Eagles Wake-Up Call: Did Foles Miss Lazor?

Kirby Lee / USA Today

Kirby Lee / USA Today

MOBILE, Ala. — Today’s question comes from reader Ricky, via e-mail.

I’m starting to think a big reason for Nick Foles’ decline in 2014 was the change at QB coach. Bill Lazor led Ryan Tannehill to a career year in 2014, while Bill Musgrave led the Eagles to a league-high 21 interceptions. Is it possible that the Eagles need to rethink their current QB coach heading into 2015?

I may need to make Ricky an official source for Birds 24/7. His e-mail came in at 2:03 p.m. About seven hours later, news broke that Musgrave was headed to Oakland to become the Raiders offensive coordinator.

As for the question, evaluating position coaches can be a difficult task. Basically, all we can go on is results and what the players tell us.

In one season under Lazor, Foles completed 64 percent of his passes, averaged 9.1 YPA and threw 27 touchdowns against two interceptions. In two seasons under other quarterbacks coaches, he completed 60.2 percent of his passes, averaged 6.7 YPA and threw 19 TDs against 15 interceptions.

Now, those numbers need to be taken with a grain of salt. In 2013, Foles had a healthy offensive line, Chip Kelly was unveiling his offense for the first time, the run game was a huge weapon, and DeSean Jackson was on the outside.

But consider Lazor’s work with Tannehill. In his first two years in the league, Tannehill completed 59.4 percent of his passes and averaged 6.72 YPA. He threw 36 touchdowns against 30 picks. Last year, he completed 66.4 percent of his passes, averaged 6.9 YPA and threw 27 touchdowns against 12 interceptions.

Again, some of that has been the natural progression of a young QB, but there’s no denying that Lazor has produced results. There were reports last year that he and Foles butted heads somewhat, but in terms of getting quarterbacks to play to their potential, Lazor has done well for himself the past two seasons.

Musgrave was in a tough spot, given that Foles was bound to regress somewhat, the offensive line was dealing with injuries, and Jackson was gone. But in terms of results, there really wasn’t a lot to point to.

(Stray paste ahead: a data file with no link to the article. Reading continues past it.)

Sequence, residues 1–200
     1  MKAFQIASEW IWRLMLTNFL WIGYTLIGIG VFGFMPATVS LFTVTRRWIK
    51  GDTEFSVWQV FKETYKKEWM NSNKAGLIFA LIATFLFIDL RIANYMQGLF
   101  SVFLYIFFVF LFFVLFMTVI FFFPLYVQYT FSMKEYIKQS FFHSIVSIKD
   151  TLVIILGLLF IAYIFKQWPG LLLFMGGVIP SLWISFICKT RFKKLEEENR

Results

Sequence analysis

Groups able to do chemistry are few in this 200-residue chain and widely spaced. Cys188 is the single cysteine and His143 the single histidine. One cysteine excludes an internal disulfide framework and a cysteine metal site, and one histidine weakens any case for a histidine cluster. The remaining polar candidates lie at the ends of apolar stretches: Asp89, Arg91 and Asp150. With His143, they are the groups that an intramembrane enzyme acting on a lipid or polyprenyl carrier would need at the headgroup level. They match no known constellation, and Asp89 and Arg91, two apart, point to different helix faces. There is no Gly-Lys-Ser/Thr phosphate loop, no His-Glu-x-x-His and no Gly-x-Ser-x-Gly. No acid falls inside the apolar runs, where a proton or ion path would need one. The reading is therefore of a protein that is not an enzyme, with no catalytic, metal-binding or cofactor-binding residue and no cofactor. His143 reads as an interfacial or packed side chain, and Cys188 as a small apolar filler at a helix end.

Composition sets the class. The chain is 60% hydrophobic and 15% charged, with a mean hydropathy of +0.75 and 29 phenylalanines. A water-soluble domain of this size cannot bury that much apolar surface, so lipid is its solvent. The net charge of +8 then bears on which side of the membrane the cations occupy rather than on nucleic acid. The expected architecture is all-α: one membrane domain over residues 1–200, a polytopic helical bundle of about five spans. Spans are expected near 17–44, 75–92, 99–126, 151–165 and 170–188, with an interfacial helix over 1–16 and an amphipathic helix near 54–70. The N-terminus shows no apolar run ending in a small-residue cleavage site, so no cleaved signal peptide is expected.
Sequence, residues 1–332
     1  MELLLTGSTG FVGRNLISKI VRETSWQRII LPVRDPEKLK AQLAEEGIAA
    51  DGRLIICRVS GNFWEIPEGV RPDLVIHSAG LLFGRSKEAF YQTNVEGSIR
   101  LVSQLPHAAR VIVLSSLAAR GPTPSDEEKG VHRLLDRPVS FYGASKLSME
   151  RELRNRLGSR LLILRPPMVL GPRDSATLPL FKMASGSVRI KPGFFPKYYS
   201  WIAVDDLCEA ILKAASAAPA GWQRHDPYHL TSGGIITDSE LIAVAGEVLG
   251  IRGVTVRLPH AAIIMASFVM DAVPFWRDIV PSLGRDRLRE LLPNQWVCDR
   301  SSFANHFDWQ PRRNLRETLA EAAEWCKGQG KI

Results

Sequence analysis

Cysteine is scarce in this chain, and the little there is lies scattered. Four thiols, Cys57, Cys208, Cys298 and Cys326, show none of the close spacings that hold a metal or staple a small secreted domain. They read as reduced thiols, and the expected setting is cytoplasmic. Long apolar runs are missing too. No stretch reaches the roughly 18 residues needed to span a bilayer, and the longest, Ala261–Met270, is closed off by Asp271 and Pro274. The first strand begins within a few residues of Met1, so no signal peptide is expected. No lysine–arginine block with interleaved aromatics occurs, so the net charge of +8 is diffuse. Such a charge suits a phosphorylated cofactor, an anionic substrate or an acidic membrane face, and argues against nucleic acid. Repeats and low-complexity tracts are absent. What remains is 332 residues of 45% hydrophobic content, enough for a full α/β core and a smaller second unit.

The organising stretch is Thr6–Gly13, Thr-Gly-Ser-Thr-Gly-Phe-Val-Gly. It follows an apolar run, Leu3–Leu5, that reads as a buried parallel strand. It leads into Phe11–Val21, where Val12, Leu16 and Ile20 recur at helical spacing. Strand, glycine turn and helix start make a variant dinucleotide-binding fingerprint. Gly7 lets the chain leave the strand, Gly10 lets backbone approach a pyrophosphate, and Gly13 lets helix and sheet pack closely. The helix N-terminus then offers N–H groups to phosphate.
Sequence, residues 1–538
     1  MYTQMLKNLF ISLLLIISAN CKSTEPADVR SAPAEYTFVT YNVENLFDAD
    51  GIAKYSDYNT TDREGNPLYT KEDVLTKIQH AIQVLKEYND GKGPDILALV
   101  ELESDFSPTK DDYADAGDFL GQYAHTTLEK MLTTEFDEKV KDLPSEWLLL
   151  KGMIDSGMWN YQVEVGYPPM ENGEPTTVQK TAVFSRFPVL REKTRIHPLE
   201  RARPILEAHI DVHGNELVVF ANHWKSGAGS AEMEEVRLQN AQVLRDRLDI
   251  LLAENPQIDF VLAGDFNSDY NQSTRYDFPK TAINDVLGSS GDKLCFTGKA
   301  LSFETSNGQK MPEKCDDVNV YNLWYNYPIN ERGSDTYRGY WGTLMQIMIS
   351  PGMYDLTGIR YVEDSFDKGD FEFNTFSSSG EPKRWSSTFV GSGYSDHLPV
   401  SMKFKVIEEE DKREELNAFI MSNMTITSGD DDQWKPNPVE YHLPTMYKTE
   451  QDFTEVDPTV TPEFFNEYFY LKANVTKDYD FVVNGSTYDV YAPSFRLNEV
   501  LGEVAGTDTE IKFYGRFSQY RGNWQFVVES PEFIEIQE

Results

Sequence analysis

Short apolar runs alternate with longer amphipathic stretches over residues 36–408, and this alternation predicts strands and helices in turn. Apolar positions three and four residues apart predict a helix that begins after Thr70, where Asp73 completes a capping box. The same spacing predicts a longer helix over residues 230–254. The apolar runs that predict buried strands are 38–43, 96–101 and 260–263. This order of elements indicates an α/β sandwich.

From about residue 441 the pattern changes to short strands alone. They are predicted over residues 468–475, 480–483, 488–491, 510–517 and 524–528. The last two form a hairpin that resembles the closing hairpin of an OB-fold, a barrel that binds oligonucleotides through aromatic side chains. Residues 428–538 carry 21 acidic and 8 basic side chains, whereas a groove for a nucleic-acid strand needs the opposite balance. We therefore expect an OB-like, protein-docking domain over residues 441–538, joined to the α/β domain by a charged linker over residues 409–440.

Foles will now be playing for his fourth quarterbacks coach in as many years. Right now, he is the favorite to start next season, but plenty can change between now and September. Both Kelly and Foles are hoping that the new hire will be able to help the QB recapture some of the magic we saw in 2013.

Kelly is here in Mobile for the week, and his plate is full. He needs to find a quarterbacks coach and a personnel exec. Oh, and he’ll be scouting/interviewing prospects too as he prepares for his first draft without Howie Roseman or Tom Gamble. Good thing the guy is a football junkie. There’s plenty to do in the coming days.

Your question can be the topic of the morning post. Simply leave one in the comments section, on Twitter (@Tim_McManus and @SheilKapadia), via e-mail (tmcmanus@phillymag.com and skapadia@phillymag.com) or on Facebook. We’ll choose one each day and answer it.

We’ll go through the questions once a month and randomly select a reader for a free Birds 24/7 t-shirt.


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T-Mac on Ha Ha Clinton-Dix and the coveted six.


Bob Brookover of the Inquirer takes a look at what Jeffrey Lurie can learn from the league’s elite teams:

There is no concrete decision-making structure among the elite.

Belichick has the same sort of absolute power that Chip Kelly just won in his power fight with former Eagles general manager Howie Roseman. Carroll also has final say on the 53-man roster, but he works closely and congenially with Seahawks general manager John Schneider. The Packers have arguably the best general manager in football in Ted Thompson, and former Eagles player personnel director Ryan Grigson is a rising star as Indy’s GM.

Tommy Lawlor of Iggles Blitz looks at secondary questions:

Nate Allen has to go. Bradley Fletcher needs to go. That leaves Cary Williams as the player to consider keeping. He has a high cap figure this year (about $8.1M) and there is no way the Eagles will pay that. Would you keep him if he took a pay cut?

I’m far from Williams biggest fan, but there is something to be said for keeping him, signing a top free agent and then drafting a CB early. The goal is to build a secondary that has some talent and some depth. Nolan Carroll and Jaylen Watkins could challenge for starting roles in 2015, but you sure can’t count on that.


We’ll have reports from Mobile as practices get under way.